My Formerly Hot Life

My Formerly Hot Life by Stephanie Dolgoff Read Free Book Online Page A

Book: My Formerly Hot Life by Stephanie Dolgoff Read Free Book Online
Authors: Stephanie Dolgoff
With black tights, a fitted blazer and flats, you’re good. Restraint says I can pretty much wear whatever I want, and no single item is off-limits. I just don’t want to look like I’m dressing up like a teenager for Halloween, and Restraint helps me make that determination. What’s more, too much of any single thing on your person at any given time—whether it’s leather, sequins,Lily Pulitzer prints, self-tanner or Swarovski crystals—is no good. This is true for anyone of any age or life stage, but becomes even more important when you get to be a Formerly and can no longer wear wrist loads of bracelets
big hoop earrings
lots of rings without looking like a fortune-teller.
    Restraint also guides me well when it comes to trends. She basically says to wink at a trend and maybe flirt a little, but no making out and certainly no full body contact. Whereas before, I might have embraced a trend—say, full-on vintage 1950s Doris Day—by donning a poofy, nip-waist cocktail dress, bright red lipstick, pointy pumps and a handbag made out of wicker, now I’ll stick with my own look and maybe wave hello to Doris across the party (I’ll get just the wicker handbag, or just the pumps, but not the whole getup).
    I see a parallel between the way I conducted my romantic life pre-Formerly and the way I shopped then. When I was single (which was until I was 34 and was on the verge of Formerlydom), I felt if a guy was nice or smart or interesting or came highly recommended, I should at least give him a chance. I was looking for love, and I didn’t know enough about myself to be sure of exactly what I needed in a partner, so I tried a lot of guys on, as it were. Over time, through trial and error and making the same mistake 12 or 30 times, I figured out what I needed, what I wanted and what I could live with. I also knew what I couldn’t tolerate, under any circumstances. This narrowed my field and eventually I foundthe “style” of guy that works for me. The one I eventually fell in love with and married fits in squarely with that style. Similarly, I tried a myriad of clothing styles and followed trends over the years until I developed a sense of what worked and what didn’t.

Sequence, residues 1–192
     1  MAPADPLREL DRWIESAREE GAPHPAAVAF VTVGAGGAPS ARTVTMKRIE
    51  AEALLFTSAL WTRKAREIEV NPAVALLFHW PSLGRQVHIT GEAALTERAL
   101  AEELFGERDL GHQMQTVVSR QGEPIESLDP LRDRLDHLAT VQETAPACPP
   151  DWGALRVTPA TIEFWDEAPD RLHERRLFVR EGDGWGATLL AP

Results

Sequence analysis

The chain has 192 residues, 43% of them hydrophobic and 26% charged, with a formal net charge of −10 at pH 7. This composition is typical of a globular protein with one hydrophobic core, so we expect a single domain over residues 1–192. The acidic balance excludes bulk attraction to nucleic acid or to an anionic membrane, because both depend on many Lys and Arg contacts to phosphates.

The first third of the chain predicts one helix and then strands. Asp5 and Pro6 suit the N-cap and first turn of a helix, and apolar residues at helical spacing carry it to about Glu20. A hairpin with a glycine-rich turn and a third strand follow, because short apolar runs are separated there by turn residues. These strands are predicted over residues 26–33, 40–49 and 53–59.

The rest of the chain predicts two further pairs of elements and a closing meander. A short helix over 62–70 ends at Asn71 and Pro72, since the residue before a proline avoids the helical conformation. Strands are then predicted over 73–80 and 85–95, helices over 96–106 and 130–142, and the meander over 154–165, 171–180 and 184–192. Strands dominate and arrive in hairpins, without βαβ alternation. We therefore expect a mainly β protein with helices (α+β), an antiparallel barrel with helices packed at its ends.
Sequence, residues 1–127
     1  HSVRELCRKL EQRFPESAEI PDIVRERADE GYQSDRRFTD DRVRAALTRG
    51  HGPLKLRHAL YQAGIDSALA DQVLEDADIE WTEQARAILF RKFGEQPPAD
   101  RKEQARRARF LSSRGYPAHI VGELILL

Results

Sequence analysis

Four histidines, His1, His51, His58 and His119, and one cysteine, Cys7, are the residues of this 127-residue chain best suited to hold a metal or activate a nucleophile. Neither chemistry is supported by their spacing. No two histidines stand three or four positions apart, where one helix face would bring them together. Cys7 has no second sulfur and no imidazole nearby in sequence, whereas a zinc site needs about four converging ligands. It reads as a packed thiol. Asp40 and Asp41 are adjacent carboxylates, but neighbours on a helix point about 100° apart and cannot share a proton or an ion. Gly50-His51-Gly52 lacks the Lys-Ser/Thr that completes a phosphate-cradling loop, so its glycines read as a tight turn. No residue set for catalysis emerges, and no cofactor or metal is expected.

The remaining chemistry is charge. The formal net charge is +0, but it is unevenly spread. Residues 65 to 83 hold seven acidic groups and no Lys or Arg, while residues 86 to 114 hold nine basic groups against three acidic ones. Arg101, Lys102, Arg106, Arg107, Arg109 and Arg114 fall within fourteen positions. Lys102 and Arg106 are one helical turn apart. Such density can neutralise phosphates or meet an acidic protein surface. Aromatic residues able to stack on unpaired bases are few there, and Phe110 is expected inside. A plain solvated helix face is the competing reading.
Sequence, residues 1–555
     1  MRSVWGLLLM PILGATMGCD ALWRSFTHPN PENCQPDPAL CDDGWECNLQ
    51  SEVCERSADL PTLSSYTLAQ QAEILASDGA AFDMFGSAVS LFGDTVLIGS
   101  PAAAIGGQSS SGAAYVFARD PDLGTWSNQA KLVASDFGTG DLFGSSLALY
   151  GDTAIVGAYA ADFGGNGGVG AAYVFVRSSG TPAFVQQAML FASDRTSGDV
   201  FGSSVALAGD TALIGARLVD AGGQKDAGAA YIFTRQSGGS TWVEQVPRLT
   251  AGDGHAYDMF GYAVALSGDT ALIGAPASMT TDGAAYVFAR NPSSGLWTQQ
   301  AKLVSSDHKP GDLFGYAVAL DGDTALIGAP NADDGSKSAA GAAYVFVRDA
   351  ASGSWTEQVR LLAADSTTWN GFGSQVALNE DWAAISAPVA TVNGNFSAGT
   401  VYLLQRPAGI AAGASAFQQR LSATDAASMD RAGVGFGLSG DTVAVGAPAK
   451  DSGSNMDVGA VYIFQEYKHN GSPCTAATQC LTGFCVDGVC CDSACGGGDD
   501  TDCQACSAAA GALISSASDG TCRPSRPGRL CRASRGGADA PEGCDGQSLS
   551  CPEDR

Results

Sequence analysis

(I’m oversimplifying, of course. I dated the guy equivalent of blister-producing, toe-crushing pointy masochist stilettos way longer than was wise, and rolled my eyes at some well-made classics that I probably should have tried when I had the chance. But you get the idea.)
    Knowing what works for you—in all aspects of your life, including relationships and fashion—is one of the fantastic things about being a Formerly. “You finally have some perspective on yourself,” says my friend Alex, a fashion writer and fabulous Formerly living in France (Paris, natch!). “You have seen yourself in photos for 20 years, with five or six different hair trends, living through the preppy era, the punk era, etc. In that time, you come to realize,
There’s a bigger me than all of these fleeting outfits and styles and moods and trends
. As you get older and become a Formerly, you have a sense of yourself as more permanent than any of those things. That makes you a bit less of a fashion victim.”
    I totally agree. When I pick up
, and am enlightened as to what’s “in,” it’s a variation on something I’ve seen, and likely worn before. I know whether or not it works for me.
Oh, look! Blue-and-white-striped shirts and wide-leg pants—they’re dusting off the nautical theme. I could never pull off that whole cute first-mate bit. Peasant dresses and gauzy blouses?
Right. Boho chic. That I can work with
. Shopping is a much calmer, less compulsive experience. “The big jeans that I wore in the ’90s with the paper-bag waist—they didn’t look good on me,” says Alex. “They’ve come back around again, like everything does. Sure, this time they are in a lighter fabric, with a higher waist, but it’s the same thing. I’m like,

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